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NORTH CAROLINA WATERPARK NO. 1 (BODY / SOL COLLECTOR PRINT)

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DSCF0612-2.jpg

NORTH CAROLINA WATERPARK NO. 1 (BODY / SOL COLLECTOR PRINT)

750.00

Size: 8in x 12in silver gelatin print on 12in x 18in Ilford Galerie fiber paper.

Also included with each picture is a unique typed and signed short essay that I will author. Documentary? Fiction? A mix, maybe. Or opinion? Yes, for each purchased picture, I will write and include one different, new short essay.

Several weeks are required for printing, writing, and mailing!

All income from this purchase will be dedicated to funding my upcoming works.

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Yes, this is No. 1. Which means there is a No. 2. A unique opportunity to collect the first of two companion, complementary photographs from this “waterpark” in coastal North Carolina. With this original offering, you can purchase a black and white photograph (No. 1), as well as a color one (No. 2).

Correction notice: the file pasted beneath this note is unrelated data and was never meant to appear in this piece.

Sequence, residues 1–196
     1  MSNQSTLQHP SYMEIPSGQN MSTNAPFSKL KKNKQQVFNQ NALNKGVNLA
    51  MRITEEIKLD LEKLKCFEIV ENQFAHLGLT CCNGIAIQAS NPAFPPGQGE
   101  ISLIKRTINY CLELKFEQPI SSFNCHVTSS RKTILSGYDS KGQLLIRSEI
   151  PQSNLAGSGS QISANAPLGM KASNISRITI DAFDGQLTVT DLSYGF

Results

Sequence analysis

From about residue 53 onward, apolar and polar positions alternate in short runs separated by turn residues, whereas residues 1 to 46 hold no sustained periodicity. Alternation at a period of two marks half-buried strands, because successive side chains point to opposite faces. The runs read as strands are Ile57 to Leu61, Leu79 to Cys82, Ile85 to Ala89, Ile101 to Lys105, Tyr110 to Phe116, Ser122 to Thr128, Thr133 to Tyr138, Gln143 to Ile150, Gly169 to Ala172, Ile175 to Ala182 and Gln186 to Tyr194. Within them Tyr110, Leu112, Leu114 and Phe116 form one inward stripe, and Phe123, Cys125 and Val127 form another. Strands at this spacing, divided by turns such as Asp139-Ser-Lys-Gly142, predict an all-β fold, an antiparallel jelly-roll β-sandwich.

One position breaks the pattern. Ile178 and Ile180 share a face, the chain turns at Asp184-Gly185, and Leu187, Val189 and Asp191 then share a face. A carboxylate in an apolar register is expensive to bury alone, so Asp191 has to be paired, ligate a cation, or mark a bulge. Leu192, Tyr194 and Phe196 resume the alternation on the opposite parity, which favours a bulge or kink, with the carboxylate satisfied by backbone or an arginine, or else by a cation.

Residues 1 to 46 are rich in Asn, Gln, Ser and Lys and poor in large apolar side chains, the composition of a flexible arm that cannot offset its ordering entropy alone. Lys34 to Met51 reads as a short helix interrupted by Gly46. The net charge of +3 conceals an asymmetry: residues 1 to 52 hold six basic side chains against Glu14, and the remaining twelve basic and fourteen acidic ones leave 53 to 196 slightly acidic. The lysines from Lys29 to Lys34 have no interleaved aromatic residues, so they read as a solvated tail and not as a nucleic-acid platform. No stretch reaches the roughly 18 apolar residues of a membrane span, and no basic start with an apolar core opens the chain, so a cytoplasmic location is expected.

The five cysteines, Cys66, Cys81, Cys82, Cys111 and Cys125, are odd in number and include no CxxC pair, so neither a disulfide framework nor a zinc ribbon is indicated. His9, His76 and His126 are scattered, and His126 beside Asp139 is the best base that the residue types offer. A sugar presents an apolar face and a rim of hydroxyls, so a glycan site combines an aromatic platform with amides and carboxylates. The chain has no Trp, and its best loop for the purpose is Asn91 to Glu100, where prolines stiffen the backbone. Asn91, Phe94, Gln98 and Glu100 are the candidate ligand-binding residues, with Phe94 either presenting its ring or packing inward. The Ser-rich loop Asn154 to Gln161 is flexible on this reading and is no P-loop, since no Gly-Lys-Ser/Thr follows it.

While planning a road trip to attend a Summer 2017 workshop at David Alan Harvey’s home in North Carolina's Outer Banks, and researching online for places of potential photographic interest, I came across this remarkable coastal location, about halfway between Greenville and Morehead City; I knew I had to pay it a visit. Authenticity, a reality, uniqueness, all in one. A gathering ground for the local kids. “Billy, C’MON!” a mother will yell, Billy’s younger brother’s outstretched arm constricting the shorts around the middle of her thigh, forcing the fabric into the time line of the weeks before, “C’MONs” that, if added up, would total at least one minute of one hour of one day that might as well have been one whole week, the line creating two skin tones, his bare foot, an impatient foot, reaching down toward the water and everything that might be in the water. “Y’all not goin’ to that movie tonight, huh. That’s what I thought.” First girlfriends and first boyfriends. A couple of buddies on afternoon leave from Air Station Cherry Point. “Hey, gimme that rope there. Watch this!” cries Doc, not quite pronouncing each word, as he had decided that he, the trained medic, understood that inhaling one more puff of his cigarette is just as important as the confident vocal announcement. Doc passes his cigarette to a nearby hand, its butt glowing an orange as orange as the circular, larger, rounder one below the clouds and pushing onward, ever onward, in an almost decisive, determined direction, to Billy’s younger brother, reflecting his body’s shadow, from the naked ankle protruding down to the rippled mirror, down from the blue pant leg all rolled up, up, up, up to his pinstriped, sleeveless shirt, and up further still to his mother’s own shoulders covered in even thinner sleeves. Doc jumps. A boombox turns on again. A burger with all the condiments is chewed and mixed with a swig of beer. A pink alligator folds in half. And I . . . I press a button on my camera, and feel the most at home I’ve felt in a long time.